Caddisflies may be the most marvelous of all the aquatic invertebrates, because in addition to being bugs, they are architects!
Most caddisflie larvae live in houses, called cases, that they make themselves. They spin out silk, and either live in silk nets or use the silk to stick together bits of whatever is lying on the stream bottom. These houses are so specialized, that you can almost always identify a caddisfly larva to genus if you can see its case. This is a good thing, because there are over 1,359 species of caddisflies in North America above the Rio Grande River alone!
Caddisflies belong to the order Trichoptera, and are closely related to butterflies and moths, in the order Lepidoptera. They live in most freshwater habitats, from lakes to marshes to rivers, and that is why they are so diverse (have so many species). Each species has special adaptations that allow it to live in the environment it is found in.
Most of the caddisflies are herbivorous--that is, they eat decaying plant tissue and algae. Their favorite algae is diatoms, which they scrape off of rocks. Some of them, though, are predacious: they eat other animals.
Caddisfly larvae can take a year or two to change into adults. They then change into pupae while still inside their cases for their metamorphosis. Caddisflies, unlike stoneflies and mayflies, go through a complete metamorphosis.
They remain as pupae for 2-3 weeks, then emerge as adults. When they leave their pupae, splitting their case, they must swim to the surface of the water to escape it. The winged adults fly evening and night, and some are known to feed on plant nectar. Most of them will live less than a month: like many other winged adults of the stream, their adult lives are brief compared to the time they spend in the water as larvae.
Caddisflies are sometimes grouped by the kinds of cases they make into 5 main groups: free-living forms that don't make cases, saddle-case makers, purse-case makers, net-spinners and retreat-makers, and tube-case makers. Most of the pictures above are of "tube cases," although one of them, the one that looks like a dome of pebbles, is a "saddle case."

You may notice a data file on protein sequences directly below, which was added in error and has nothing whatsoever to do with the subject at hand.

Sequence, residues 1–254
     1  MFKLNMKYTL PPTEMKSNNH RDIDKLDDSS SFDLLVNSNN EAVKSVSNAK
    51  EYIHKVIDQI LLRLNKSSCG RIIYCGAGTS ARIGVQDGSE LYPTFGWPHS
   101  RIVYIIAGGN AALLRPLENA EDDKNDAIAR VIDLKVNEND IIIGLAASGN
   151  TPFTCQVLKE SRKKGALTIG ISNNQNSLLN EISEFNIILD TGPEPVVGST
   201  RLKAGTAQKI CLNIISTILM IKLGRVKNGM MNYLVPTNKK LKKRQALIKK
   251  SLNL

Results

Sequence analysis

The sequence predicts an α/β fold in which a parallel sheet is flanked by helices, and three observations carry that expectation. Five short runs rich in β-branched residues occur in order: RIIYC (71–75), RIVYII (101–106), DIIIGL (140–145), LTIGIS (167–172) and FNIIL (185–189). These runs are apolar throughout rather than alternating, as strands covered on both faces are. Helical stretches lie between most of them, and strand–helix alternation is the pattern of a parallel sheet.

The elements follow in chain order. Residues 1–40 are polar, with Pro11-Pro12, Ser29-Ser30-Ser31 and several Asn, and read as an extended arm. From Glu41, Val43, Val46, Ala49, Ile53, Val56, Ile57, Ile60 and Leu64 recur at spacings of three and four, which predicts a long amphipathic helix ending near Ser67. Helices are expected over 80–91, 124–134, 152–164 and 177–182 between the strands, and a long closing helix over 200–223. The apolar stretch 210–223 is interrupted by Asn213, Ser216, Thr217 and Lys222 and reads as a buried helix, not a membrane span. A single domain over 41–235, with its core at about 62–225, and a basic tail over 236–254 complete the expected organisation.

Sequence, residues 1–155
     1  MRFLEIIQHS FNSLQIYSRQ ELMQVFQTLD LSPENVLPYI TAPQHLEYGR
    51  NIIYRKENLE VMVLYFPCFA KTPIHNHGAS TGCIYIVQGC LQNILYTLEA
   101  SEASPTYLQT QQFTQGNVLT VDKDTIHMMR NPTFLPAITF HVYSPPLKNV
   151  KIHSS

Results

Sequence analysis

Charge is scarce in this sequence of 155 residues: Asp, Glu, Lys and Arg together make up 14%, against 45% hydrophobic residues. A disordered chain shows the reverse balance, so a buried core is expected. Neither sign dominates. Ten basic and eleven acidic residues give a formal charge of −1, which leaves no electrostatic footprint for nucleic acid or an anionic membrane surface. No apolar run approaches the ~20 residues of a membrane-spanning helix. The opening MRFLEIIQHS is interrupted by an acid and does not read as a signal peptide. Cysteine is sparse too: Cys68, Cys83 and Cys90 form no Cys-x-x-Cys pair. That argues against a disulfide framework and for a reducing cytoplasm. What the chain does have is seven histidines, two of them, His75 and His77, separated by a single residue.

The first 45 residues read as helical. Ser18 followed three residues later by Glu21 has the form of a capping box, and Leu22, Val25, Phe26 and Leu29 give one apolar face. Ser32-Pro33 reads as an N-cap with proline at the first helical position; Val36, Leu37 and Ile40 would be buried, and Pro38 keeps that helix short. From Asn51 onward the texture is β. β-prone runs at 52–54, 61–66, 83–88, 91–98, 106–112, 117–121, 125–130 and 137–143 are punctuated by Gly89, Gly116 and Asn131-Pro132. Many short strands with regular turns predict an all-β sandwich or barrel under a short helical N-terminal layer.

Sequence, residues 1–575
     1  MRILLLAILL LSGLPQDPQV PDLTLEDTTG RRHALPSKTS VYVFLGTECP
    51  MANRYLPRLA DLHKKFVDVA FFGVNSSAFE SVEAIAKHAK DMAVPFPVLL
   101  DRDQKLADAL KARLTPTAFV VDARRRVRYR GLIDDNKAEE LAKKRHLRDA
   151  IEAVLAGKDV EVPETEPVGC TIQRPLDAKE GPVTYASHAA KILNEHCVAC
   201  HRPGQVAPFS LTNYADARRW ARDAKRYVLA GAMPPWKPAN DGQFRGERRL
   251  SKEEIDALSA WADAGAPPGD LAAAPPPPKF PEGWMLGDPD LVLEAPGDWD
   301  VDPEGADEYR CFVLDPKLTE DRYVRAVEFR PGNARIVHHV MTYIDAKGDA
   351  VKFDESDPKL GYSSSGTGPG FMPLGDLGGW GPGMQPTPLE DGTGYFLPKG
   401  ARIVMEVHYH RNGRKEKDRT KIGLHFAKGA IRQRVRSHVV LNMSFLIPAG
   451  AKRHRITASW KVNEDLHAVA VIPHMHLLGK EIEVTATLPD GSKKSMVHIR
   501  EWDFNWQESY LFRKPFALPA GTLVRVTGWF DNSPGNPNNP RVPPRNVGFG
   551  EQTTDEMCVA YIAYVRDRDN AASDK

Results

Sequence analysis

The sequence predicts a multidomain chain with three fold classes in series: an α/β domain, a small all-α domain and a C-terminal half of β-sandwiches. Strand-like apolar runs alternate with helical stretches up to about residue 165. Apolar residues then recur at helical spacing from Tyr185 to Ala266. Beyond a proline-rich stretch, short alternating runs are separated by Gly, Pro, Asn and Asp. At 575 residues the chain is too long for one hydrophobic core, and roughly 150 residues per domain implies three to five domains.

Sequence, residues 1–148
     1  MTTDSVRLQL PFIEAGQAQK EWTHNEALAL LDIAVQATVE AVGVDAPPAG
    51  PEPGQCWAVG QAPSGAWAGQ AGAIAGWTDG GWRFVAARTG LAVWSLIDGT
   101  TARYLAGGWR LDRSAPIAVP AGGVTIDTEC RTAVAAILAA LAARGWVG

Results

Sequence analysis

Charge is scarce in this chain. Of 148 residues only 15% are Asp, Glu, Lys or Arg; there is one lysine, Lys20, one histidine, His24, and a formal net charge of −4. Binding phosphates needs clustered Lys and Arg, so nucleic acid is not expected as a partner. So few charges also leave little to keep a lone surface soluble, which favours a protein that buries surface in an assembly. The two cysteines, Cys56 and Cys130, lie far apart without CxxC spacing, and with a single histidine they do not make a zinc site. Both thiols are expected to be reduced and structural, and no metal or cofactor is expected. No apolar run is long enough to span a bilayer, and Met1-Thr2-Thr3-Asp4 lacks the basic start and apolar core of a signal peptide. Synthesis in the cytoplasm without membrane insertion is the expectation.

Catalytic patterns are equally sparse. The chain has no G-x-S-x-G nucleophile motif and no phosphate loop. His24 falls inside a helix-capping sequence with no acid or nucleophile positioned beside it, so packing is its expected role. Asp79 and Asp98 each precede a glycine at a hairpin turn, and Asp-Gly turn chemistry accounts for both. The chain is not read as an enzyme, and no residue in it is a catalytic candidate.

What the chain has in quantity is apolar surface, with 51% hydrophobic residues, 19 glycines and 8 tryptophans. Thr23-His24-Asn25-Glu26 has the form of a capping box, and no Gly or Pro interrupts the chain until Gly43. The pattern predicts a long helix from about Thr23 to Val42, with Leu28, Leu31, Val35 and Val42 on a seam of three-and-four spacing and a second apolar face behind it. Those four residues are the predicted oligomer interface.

As you can see from the pictures, a caddisfly might make a perfect, 4-sided boxy case of bits of leaves and bark, or tiny bits of twigs. It may make a clumsy dome of large pebbles, like the third one on the right, top row. This caddisfly gets its fresh water, and so its oxgen, from water that rushes through the gaps between the pebbles. Others make rounded tubes out of twigs or very small pebbles. When you pluck a caddisfly case out of a mountain river, you may see that it has constructed its case of bits of ordinary rock mixed in with sparkling quartz and red garnet, green peridot, and bright fool's gold.
Caddisflies in cases have an advantage besides the protection their houses give them. The cases actually help them breathe. They move their bodies up and down, back and forth inside their cases, and this makes a current that brings them fresh oxygen. The less oxygen there is in the water, the faster they have to move. It has been seen that caddisflies inside their cases get more oxygen than those that are outside of their cases--and this is why scientists think that caddisflies can often be found even in still waters, where dissolved oxygen is low, in contrast to stoneflies and mayflies.
To learn more about macroinvertebrates, check out the reading list, where you will find some excellent references listed. (You will be able to order them from here, too).
Go back to Aquatic Invertebrates
Incomplete metamorphosis is when an animal--an insect or a crustacean (like a crab)-- keeps close to the same body shape and form all the while it is growing up, like you and i do. The problem with this is that insects and crustaceans have exoskeletons (hard shells of a polysaccharide covering them), and exoskeletons don't grow! Instead, at a number of periods as they are growing up, they shed the whole exoskeleton. This is called ecdysis, or molting. While they are still soft and unprotected, they grow as fast as they can--and then they grow a new, bigger exoskeleton. Streams are littered with cast-off exoskeletons, which look exactly like the insect but are empty, and we call these exuviae (egg-zoo-via). We call the young of insects that are growing like this, nymphs. In streams, mayflies and stoneflies both go through incomplete metamorphosis. Each stage of nymph tends to be an identifiable size, and so we call them, depending on their size, "first instar," "second instar," and so on until they turn into imagoes. A typical aquatic insect may go through seven instars.